Thursday, July 10, 2008

This Date In Music History- July 10


Jackie Leung, one of Hong Kong's biggest rock stars and a Barry Manilow fan to boot, was born today in 1961.

Born on this day in 1943, Jerry Miller, guitar, Moby Grape.

Rock author and singer Ian Whitcomb ("You Turn Me On [Turn On Song]") was born in England in 1941.

Arlo Guthrie ("Alice's Restaurant") turns 61.

Ronnie James Dio was born in Portsmouth, N.H. in 1949.

Greg Kihn was born on this day in 1950.

Born on this day in 1980, Jessica Simpson, US singer and current Tony Romo flame.


A 16 year-old girl was stabbed to death at a Yes concert in Jersey City, New Jersey in 1976.

In 1967, Kenny Rogers and several other members of the New Christy Minstrels quit to form the First Edition. The new group received their first national exposure on the Smothers Brothers TV show and went on to have such hits as "Just Dropped In (To See What Condition My Condition Was In)" in 1968, "Ruby, Don't Take Your Love to Town" in 1969 and 1971's "Something's Burning."

The movie "Go, Johnny, Go", with Jimmy Clanton and Chuck Berry (with performances by Ritchie Valens, Eddie Cochran and Jackie Wilson) opened in 1959.

In 1952, Memphis producer and Sun Studios owner Sam Phillips recorded the last of five sessions with bluesman Howlin' Wolf.

In 1967, Bobbie Gentry recorded her No. 1 hit "Ode to Billie Joe."

After they burned an American flag onstage in 1968, the Nice were banned from London's Royal Albert Hall. Two years later, Keith Emerson, leader of the Nice, joined Greg Lake and Carl Palmer in Emerson, Lake and Palmer.

Harry Nilsson's album, "Son of Schmilsson" was released in 1972. It featured George Harrison under the name George Harrysong and Ringo Starr, listed as Richie Snare, on some of the tracks.

His Master’s Voice” was registered with the U.S. Patent Office in 1900. The logo of the Victor Recording Company, and later, RCA Victor, shows the dog, Nipper, looking into the horn of a gramophone machine.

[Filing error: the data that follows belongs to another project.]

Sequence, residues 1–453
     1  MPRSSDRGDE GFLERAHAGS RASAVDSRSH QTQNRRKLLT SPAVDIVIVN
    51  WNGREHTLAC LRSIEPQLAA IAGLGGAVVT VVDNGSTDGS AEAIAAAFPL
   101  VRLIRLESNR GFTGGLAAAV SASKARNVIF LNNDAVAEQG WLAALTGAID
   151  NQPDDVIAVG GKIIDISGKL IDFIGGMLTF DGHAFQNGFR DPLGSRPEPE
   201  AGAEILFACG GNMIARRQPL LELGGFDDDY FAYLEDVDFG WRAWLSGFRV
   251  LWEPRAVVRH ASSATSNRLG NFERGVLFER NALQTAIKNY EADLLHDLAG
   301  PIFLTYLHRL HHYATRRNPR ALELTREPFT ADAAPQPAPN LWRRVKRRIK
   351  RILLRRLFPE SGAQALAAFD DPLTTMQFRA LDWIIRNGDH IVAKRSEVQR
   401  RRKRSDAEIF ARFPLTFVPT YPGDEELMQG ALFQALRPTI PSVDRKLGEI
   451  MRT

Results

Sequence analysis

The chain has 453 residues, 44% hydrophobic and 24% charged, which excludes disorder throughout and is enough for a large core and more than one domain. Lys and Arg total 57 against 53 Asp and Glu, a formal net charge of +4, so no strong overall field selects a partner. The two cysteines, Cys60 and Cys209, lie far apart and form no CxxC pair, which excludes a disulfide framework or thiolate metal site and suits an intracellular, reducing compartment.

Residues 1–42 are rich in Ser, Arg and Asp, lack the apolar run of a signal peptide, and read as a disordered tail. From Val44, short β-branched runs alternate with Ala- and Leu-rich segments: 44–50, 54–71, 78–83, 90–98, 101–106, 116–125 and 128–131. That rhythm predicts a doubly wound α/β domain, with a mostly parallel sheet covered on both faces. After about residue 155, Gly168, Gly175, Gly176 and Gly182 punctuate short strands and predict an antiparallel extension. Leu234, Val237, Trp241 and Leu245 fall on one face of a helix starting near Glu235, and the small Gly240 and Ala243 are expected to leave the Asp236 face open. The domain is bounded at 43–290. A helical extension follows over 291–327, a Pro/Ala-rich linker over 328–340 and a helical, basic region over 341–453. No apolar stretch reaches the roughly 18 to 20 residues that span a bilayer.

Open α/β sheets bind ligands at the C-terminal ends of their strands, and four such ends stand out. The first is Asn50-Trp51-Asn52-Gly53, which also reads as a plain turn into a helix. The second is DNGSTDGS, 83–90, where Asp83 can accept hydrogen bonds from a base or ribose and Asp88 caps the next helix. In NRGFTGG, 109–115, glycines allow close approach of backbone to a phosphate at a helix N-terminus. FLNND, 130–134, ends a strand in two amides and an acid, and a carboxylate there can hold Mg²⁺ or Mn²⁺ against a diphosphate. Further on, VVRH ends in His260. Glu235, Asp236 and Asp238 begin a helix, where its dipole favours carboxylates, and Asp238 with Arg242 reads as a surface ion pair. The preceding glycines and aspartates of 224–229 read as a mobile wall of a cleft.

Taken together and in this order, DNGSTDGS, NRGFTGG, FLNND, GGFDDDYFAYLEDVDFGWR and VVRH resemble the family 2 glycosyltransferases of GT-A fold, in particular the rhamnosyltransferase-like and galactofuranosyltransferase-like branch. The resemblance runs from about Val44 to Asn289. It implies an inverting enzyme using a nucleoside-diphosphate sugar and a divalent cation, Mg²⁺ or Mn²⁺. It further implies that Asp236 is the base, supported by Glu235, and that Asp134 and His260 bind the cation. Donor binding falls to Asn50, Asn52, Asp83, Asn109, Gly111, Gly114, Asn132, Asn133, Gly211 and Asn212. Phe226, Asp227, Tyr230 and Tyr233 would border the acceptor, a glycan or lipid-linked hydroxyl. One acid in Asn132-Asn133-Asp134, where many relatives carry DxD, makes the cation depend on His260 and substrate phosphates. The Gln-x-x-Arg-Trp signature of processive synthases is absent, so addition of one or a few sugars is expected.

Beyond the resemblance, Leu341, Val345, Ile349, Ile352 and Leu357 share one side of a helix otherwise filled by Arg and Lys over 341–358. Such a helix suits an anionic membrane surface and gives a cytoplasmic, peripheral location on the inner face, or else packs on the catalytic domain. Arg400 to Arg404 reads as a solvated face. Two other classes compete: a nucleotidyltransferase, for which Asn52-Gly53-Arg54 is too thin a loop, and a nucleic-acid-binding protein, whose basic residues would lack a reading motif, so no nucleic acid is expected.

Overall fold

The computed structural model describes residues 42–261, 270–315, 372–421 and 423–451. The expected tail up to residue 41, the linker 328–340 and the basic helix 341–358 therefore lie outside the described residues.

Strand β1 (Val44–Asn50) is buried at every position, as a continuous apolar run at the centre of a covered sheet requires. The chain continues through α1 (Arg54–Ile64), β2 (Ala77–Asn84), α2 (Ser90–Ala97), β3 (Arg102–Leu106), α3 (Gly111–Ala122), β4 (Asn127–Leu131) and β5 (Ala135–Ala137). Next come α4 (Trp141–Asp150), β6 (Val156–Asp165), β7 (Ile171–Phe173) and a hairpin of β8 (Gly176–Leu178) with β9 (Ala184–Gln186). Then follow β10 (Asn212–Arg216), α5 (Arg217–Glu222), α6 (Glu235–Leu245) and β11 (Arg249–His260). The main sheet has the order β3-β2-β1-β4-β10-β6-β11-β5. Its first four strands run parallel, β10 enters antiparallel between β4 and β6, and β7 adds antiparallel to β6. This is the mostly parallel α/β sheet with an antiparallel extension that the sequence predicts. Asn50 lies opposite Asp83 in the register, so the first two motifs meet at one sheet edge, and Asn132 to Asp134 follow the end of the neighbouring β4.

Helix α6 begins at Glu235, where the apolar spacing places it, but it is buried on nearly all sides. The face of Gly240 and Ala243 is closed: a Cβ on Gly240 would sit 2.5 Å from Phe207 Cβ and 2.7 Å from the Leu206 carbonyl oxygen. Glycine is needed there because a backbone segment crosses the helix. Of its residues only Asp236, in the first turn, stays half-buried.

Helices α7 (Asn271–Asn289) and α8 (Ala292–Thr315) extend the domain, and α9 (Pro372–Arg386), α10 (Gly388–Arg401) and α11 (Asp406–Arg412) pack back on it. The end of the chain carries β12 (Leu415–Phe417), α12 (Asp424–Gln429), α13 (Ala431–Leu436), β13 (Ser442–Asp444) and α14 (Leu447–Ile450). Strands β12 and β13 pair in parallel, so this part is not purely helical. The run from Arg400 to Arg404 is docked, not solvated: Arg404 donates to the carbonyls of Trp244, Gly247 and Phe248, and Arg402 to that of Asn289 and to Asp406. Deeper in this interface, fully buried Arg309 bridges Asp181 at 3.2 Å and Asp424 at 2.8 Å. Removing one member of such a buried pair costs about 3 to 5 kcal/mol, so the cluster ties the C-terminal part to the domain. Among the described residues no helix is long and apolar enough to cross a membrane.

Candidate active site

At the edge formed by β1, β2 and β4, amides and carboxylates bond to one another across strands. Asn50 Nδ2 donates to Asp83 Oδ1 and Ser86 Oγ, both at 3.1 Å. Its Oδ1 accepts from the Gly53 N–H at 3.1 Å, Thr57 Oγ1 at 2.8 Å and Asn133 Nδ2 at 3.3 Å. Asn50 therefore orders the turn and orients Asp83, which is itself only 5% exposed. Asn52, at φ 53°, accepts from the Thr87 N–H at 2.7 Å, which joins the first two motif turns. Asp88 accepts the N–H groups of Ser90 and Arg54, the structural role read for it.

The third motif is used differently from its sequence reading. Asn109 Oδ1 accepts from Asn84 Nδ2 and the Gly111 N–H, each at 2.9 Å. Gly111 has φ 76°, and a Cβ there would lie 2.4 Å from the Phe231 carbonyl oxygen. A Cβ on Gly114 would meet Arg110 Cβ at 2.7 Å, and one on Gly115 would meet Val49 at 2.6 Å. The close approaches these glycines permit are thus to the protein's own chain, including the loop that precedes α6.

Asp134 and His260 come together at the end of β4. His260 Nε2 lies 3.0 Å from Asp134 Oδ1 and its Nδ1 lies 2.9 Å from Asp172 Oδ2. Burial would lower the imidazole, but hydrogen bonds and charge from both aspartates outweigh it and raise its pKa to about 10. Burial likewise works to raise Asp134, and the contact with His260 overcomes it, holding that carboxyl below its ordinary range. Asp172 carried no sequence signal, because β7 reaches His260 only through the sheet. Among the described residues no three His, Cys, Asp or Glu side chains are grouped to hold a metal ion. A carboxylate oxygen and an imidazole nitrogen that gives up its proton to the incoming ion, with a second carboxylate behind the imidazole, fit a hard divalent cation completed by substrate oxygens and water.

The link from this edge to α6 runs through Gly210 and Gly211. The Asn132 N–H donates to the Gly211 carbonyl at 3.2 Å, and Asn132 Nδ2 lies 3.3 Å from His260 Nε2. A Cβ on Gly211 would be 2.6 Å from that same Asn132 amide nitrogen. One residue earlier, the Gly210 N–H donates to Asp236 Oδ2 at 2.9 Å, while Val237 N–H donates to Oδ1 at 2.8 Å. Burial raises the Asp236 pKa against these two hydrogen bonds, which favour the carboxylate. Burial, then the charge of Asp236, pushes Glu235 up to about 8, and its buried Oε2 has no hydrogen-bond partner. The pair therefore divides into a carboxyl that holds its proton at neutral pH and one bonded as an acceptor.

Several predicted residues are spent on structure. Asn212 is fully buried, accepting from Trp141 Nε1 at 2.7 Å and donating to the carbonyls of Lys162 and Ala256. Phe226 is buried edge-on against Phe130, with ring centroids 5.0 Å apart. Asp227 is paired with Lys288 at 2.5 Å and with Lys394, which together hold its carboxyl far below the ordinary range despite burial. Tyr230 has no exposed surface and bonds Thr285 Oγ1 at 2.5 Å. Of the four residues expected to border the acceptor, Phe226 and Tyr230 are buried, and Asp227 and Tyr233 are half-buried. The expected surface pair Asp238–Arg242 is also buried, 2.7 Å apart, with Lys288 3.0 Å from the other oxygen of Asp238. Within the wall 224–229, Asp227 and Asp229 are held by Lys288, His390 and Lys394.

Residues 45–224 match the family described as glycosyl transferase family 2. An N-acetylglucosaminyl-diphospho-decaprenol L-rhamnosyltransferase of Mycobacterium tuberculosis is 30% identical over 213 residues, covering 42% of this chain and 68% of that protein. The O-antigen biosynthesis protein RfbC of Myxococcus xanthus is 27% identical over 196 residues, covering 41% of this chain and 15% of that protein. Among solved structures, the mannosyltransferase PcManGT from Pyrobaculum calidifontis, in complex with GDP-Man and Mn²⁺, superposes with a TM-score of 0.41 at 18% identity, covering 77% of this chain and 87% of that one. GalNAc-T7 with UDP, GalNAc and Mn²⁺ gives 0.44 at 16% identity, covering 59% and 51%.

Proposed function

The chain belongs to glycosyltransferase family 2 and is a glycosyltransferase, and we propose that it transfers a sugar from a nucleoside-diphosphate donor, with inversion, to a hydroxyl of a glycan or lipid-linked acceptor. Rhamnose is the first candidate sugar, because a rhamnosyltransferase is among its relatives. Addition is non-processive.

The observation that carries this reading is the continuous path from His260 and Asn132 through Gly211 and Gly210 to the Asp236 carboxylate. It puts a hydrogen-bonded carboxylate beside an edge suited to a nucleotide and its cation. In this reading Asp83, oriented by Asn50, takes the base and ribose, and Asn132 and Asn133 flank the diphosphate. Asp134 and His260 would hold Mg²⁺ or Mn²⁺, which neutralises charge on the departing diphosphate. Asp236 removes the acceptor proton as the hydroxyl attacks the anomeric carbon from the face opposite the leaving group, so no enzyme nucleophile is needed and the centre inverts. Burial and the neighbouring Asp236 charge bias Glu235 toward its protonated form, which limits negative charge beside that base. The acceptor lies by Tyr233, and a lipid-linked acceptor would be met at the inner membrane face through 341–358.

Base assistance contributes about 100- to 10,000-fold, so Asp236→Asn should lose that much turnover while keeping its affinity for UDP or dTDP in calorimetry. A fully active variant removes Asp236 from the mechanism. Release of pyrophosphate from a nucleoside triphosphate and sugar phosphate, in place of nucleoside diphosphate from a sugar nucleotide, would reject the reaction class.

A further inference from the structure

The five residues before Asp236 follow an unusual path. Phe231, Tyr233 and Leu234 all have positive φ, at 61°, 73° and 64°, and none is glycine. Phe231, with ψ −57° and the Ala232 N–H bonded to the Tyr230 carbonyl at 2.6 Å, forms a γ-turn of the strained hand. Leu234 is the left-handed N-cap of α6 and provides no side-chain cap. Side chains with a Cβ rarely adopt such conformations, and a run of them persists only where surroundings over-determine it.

1954 Producer Sam Phillips took an acetate of Elvis Presley singing "That's All Right" to DJ Dewey Phillips at Memphis radio station WHBQ. After Dewey played the song on the air around 9:30 that evening, listeners flooded the phone lines, requesting to hear the song again.

In 1954, New York radio station WINS announced the hiring of pioneer Rock disc jockey Alan Freed to be the host of their Rock 'n' Roll Party. As he did on his earlier Moondog's Rock 'n Roll Party Show on WJW in Cleveland, Freed programmed records by black R&B artists that many white teenagers had never heard before. Freed is often credited with popularizing the term Rock and Roll.
The Starland Vocal Band, the first act to be signed to John Denver's new Windsong label, had the top tune on the Billboard chart in 1976 with "Afternoon Delight.”

Wilson Pickett's "In The Midnight Hour" was released in 1965.

On today's American Bandstand in 1971, Smokey Robinson & the Miracles performed their smash hit "Tears of a Clown."

The Beatles started a six week run at No.1 on the US album charts in 1965 with 'Beatles VI', the groups fifth No.1.

George Strait was at No.1 on the US album chart in 2005 with 'Somewhere Down In Texas', the US country singers third No.1 album.

Billie Holiday recorded "Billie’s Blues" in 1936.